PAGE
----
- In its licensure denial letters, MDE should specifically state the deficiencies it identified in an applicant’s preparation or qualifications.
- The state entity responsible for teacher licensure should ensure that its licensure appeal process is consistent with the law.
Does Tier 1 “lower the bar” for teachers?
Just the opposite: Tier 1 actually raises and clarifies the bar for licensure. Currently, Minnesota allows several hundred untrained “community experts” to teach in our schools each year. Without any formal requirements for this designation, the Board of Teaching has full discretion to approve or deny a school district’s application to hire a community expert, often resulting in subjective and unpredictable decisions. By creating a formal Tier 1 license, HF140 establishes, for the first time, a common “floor” that every individual in Minnesota would have to meet in order to teach. It also ensures fidelity by creating clear guidelines for schools; for example, before hiring a teacher with a Tier 1 license, a district or charter school would have to first post the teaching position and try finding a suitable Tier 2, 3, or 4 educator.
By requiring schools to give preference to higher-tiered educators, when possible, and giving lower-tiered educators a clear path—and incentive—to move up the tiers, HF140 strikes the right balance between honoring high standards and granting much-needed flexibility during teacher shortages. And by getting rid of “community experts” and creating clear requirements for Tier 1 licenses, the bill actually elevates the bar to entry into the teaching profession.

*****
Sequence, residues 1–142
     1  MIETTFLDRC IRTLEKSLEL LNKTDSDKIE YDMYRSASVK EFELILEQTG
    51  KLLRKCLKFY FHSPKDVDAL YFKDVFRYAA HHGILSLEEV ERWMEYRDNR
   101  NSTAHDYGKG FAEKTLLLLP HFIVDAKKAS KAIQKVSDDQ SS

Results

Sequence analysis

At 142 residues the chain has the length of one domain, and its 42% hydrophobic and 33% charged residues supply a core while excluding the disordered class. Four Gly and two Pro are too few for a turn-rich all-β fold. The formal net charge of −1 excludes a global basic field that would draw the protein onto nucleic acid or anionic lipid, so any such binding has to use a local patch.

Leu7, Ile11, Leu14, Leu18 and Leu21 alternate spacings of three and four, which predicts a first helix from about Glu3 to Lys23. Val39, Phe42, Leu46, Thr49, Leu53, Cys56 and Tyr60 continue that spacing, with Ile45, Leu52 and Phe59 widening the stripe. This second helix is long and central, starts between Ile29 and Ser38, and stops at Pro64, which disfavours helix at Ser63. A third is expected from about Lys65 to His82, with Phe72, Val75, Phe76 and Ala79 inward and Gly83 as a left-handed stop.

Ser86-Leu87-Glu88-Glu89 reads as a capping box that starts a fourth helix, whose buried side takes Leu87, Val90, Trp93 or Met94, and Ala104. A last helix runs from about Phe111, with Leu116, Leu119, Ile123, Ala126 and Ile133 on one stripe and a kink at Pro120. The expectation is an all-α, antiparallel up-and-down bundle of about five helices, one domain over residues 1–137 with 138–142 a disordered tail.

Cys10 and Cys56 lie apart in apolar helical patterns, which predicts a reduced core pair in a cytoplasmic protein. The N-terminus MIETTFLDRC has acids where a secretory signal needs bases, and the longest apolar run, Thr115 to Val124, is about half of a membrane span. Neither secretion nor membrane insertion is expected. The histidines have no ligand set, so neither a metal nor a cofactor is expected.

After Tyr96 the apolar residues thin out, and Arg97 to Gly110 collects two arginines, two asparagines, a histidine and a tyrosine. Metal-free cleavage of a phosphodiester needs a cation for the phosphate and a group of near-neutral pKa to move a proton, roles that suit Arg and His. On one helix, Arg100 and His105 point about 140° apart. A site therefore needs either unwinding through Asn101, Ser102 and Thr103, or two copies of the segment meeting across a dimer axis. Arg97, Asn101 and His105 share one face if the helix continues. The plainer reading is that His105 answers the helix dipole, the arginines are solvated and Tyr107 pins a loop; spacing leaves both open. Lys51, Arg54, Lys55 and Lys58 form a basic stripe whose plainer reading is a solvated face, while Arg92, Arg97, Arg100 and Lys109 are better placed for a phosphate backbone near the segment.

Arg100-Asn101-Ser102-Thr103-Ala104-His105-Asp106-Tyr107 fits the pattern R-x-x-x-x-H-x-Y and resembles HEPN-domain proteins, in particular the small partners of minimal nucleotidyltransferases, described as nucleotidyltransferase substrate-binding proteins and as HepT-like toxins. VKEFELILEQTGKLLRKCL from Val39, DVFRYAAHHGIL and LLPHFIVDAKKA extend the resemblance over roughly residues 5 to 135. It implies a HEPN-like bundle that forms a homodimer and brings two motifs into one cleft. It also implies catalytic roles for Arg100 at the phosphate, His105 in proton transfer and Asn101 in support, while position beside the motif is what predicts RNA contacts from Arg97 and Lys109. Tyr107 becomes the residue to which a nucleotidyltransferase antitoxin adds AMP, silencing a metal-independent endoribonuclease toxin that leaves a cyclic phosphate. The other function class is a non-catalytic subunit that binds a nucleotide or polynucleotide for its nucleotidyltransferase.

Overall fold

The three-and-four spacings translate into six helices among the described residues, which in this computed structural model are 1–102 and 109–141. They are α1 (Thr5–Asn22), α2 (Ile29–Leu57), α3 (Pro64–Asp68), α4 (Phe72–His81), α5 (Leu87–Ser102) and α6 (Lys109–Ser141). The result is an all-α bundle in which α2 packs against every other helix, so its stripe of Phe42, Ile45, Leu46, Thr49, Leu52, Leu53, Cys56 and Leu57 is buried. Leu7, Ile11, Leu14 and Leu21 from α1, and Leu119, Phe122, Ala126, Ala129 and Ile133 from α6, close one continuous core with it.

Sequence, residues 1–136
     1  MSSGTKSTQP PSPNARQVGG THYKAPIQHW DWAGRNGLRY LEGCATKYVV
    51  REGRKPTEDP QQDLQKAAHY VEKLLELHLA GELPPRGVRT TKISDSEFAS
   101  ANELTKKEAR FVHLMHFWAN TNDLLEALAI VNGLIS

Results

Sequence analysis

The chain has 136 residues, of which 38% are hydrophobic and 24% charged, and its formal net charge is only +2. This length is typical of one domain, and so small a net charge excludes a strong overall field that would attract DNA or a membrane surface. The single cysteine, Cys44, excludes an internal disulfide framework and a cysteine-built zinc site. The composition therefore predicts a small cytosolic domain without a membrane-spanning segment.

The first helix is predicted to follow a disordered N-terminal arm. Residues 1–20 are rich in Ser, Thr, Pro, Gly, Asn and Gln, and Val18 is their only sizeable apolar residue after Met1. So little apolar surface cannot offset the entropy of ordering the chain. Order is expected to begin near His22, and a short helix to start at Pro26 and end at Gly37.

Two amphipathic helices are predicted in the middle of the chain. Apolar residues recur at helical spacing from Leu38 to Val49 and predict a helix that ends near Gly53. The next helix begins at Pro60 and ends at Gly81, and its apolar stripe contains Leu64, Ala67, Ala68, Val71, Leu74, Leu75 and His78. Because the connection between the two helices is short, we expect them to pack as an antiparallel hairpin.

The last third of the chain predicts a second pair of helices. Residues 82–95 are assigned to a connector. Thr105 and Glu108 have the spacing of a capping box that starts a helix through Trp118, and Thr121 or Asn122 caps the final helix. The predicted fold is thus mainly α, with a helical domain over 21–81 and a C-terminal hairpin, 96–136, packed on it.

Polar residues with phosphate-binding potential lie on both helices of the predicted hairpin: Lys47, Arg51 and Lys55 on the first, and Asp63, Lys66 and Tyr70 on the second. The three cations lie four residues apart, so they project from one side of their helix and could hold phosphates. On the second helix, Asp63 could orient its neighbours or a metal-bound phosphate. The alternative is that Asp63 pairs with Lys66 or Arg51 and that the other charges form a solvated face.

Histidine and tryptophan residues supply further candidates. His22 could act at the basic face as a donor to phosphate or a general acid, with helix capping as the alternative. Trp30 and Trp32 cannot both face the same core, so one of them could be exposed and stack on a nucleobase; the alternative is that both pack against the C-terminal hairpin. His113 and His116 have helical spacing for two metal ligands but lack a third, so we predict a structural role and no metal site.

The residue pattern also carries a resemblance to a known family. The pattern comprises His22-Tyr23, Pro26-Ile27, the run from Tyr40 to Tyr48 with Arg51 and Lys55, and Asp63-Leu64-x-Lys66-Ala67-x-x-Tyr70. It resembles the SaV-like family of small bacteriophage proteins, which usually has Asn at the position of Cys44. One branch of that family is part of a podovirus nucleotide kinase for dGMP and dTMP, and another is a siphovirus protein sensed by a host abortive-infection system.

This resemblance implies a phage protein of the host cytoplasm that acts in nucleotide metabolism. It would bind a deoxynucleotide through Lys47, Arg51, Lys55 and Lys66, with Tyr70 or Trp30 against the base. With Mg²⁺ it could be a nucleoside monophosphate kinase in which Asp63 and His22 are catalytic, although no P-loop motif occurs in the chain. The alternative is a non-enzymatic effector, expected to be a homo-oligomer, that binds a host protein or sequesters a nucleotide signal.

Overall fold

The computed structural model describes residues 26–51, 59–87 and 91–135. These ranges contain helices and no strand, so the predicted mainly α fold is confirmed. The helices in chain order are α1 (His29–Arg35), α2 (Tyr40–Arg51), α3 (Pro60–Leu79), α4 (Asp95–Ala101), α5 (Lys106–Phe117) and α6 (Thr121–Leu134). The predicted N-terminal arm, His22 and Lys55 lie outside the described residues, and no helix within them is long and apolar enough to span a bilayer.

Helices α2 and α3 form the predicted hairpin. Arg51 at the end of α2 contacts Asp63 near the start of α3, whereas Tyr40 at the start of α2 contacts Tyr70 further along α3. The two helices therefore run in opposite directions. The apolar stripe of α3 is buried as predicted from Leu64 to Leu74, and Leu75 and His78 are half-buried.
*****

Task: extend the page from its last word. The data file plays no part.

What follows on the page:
Does the bill recognize licensure candidates’ professional teaching experience, especially from other states?
Yes. The bill treats out-of-state teacher candidates as the professionals that we know they are. To qualify for a Tier 3 license, teachers would have to demonstrate that their license in another state is in good standing and pass Minnesota’s content and pedagogy teacher-licensure exams. Plus—finally—they would get credit for their successful classroom experience in other states, and no longer be forced into wasting time and money on redundant coursework or student teaching.